The ECB's chief Mario Draghi has in the past scoffed at the idea, saying it would be a back-door bailout of sovereign states and would violate the spirit — if not the letter — of the Lisbon Treaty. Mr Owen said the ECB is the "only institution with the credibility and balance sheet to reassure markets. It would be much simpler if the ECB carried out quantitative easing but that does not seem to be an option".
Lack of direct action by the G20 (in the G20 Communique, they essentially promise to do something, but no specifics) puts the ball back in Bernanke's court today (conference at 2:15, after Fed Statement) and then we have an EU meeting…
by phil - June 1st, 2012 8:26 am
Oh you people are such suckers!
You panic out of positions at rock bottom prices and you'll sit there like a deer in the headlights when we bounce back until we're already too high again and then you'll chase the top – only becoming fully invested after we've already exited. Don't blame me – I try to warn you, but no one listens to me.
This morning the markets are in full panic more and that's fine with us as not only are we still "Cashy and Cautious" but what did we tell you Wednesday morning? "TZA July $19/25 bull call spread at $1.50, selling $18 puts for $1.05 for net .45" along with EDZ at $17.23 and SQQQ at $51.80. SQQQ is at $53.79 (up 3.8%) and EDZ is $17.90 (up 3.9% and the TZA hedge is already at net .80, which is up 77% in just two days (so far) – now that's a hedge! When you have your hedges in place, THEN you can bottom fish with impunity and boy is the fishing good out there!
Today we get our Non-Farm Payroll numbers and there's a rumor out there that it's a big miss at 120,000 or lower. CNBC has been pretty much reporting it as a fact all morning and Europe is freaking out for that and many other reasons so I had occasion to look back at last month's NFP report, where we predicted it would be a miss with the the title: "The Blow Jobs Deal to the Market Could be Huge." That was 10% ago on our indexes are back to testing last week's lows, where we began to get bullish with our Twice in a Lifetime List of stocks that are back at their 2009 panic lows which we still like enough to sell puts in (giving us an additional 15-20% discount on initial entry).
That post capped off a week of bearish picks as we followed through with our plan to cash out into the April rally – it's those bearish profits we're now GAMBLING with as we bottom fish but, as noted above – we're hedging our bullish bets because there's no limit to how badly investors can freak out in the stock market – CASH remains KING!
by phil - May 30th, 2012 7:57 am
If it wasn't for bad news, Europe would have no news at all.
The funniest thing about watching Europe implode in a sea of incompetence is that we're actually no different over here – it's just not our time yet. That doesn't stop the punditocracy from pontificating on all the ills of the European Union, as if America will be immune to California as their economy ($361Bn in debt) slips into the ocean.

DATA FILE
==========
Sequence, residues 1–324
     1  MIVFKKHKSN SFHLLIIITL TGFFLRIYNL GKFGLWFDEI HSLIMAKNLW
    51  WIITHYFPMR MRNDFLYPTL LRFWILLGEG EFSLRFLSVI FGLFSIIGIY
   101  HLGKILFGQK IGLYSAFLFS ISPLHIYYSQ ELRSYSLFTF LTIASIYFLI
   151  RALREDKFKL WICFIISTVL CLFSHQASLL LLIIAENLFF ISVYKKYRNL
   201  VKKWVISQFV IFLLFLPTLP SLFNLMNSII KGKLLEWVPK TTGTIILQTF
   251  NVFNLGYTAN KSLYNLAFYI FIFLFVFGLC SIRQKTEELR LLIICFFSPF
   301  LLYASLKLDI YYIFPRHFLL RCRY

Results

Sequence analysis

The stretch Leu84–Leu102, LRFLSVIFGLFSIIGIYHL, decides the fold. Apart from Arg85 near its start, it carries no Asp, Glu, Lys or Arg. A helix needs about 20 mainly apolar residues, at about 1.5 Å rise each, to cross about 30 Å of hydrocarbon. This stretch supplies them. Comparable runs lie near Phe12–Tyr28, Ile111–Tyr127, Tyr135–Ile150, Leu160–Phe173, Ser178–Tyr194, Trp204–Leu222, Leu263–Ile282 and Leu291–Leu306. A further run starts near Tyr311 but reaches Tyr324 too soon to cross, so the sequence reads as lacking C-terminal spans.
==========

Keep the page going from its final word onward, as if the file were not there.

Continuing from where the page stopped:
Actually Greece is not the disaster du jour in Europe this morning – it's Spain (who were downgraded yesterday), whose junk-rated 10-year notes are now costing them 6.65% – back to pre-LTRO levels already, after just 90 days of being "cured." Italy is right behind them, only able to sell 90% of the bonds they auctioned off and even those went for 5.66% on the 5-year notes and 6.03% on the 10-years.
Meanwhile, German yields hit record lows at 1.318% so how, exactly, does it benefit Germany to "fix" this situation when the fix would be for Germany to go back to paying 3% while Spain and Italy go back to paying 4%? It's not like Spain or Italy will ever be able to pay back the money anyway so all we're really doing is costing Germany money to PRETEND things are fixed – again. When will this madness end?
Extending and pretending is exactly what is being planned as the European Commission is prepared to as European Union finance ministers to give Spain an additional year to meet the budget deficit target of 3%, according to a report in the online edition of El Pais this morning. The newspaper said it had obtained a rough draft of the copy of the economic strategy for the euro zone set to be delivered by the Commission on Wednesday. Media reports said it will issue specific recommendations for each of the 27 countries. El Pais said the EC wants to give Spain until 2014 to reach the budget deficit target of 3%, in light of its economic problems, but will also include draft recommendations on pensions, the financial system, taxes and labor reforms.
Thank goodness – that will fix everything, I'm sure!
Meanwhile, on the US side, we're getting worry fatigue and we're ready to rally – as was made clear by yesterday's bullish action which took us over our…
by phil - May 25th, 2012 8:30 am